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Wednesday, Sept. 20, 2006 11:21 pm

2006 Best of Springfield

Eating & Drinking

By Mike Manning
Hickory River Smokehouse
2343 N. Dirksen Pkwy., 217-528-2271

The second link in what could become a chain of flavorful franchises around the state, Hickory River, born in Urbana, bills itself as a member of the “authentic Texas” denomination of the barbecue religion. Knowing a thing or two about Texas barbecue, we’d have to agree that it’s pretty darned good. This restaurant fits into the cost-and-convenience notch somewhere above our no-frills favorite, PT’s, and the higher-overhead versions, such as Corky’s and Smokey Bones. At Hickory River, you go through a cafeteria line with the traditional pie trap at the end, fill your own drink glass, then seat yourself among the businessmen and the Bubbas in the spacious dining room. There’s a smokehouse out back and — for added authenticity — Big R just down the road a piece.
Runner-up: Smokey Bones

Joe Rogers’ Original Recipe Chili Parlor/ The Den
820 S. Ninth St., 217-522-3722

Since its opening in 1945, the Den has earned a near-cult following that has continued since Marianne Rogers bought it from her mother in 1973, after the death of Joe Rogers, the founder and Marianne’s father. Diners rave about the satisfying custom-crafted gumbo. Beans and meat are cooked separately. Customers may order chili with or without beans, “heat,” and onions. “We have mild [up to] the bracing JR Special,” Rogers says. “If they ask for a regular bowl of chili, that’s a medium, with beans.” Rogers says business tends to surge when the temperature goes down; when there’s an Illini game on, people order quarts of chili to take home. The Den’s popularity hasn’t changed, but some things have: “When I took over, the price of a bowl of chili was 65 cents,” Rogers says. “Today, with tax, it’s $4.15.” Rogers credits the friendly family atmosphere to longtime loyal customers who knew her parents. “With some customers it’s like a country club — if they don’t come in one week, I send them a bill anyway,” she quips.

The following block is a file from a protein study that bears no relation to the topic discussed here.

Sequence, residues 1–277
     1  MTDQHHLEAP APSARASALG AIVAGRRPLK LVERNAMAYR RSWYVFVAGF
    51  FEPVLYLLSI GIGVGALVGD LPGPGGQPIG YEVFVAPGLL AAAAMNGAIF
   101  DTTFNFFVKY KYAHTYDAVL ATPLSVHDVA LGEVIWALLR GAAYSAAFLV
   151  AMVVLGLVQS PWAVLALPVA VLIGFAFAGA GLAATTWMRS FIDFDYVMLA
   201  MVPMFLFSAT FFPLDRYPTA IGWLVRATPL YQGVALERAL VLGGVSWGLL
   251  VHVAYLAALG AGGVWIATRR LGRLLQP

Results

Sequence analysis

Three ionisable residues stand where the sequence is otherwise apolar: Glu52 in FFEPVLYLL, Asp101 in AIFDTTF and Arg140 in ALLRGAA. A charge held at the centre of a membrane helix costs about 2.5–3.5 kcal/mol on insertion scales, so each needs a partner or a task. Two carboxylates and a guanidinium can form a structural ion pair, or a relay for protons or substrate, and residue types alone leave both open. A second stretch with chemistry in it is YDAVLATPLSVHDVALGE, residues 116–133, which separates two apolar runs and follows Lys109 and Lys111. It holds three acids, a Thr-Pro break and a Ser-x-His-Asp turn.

Runner-up: Steak ’n Shake

D’Arcy’s Pint
661 W. Stanford, 217-492-8800

D’Arcy’s, a local Irish-style tavern, last year moved to a bigger location on Stanford Avenue. Been to D’Arcy’s lately? Just as in the days when it was located at the Town & Country Mall, you still have to wait to be seated. It’s just that popular. And Springfield appreciates the signature lineup of horseshoes. If you’ve just arrived from, say, outer space, a ’shoe is an open-face sandwich covered with french fries and slathered in cheese sauce. The Supreme Shoe — a favorite, we’re guessing, at the Prairie Heart Institute — comes with seasoned ground beef, spicy cheese sauce, diced tomatoes, bacon, scallions, and a side of hot sauce, all for $6.75.
Runner-up: Dublin Pub

Charlie Parker’s
700 North St., 217-241-2104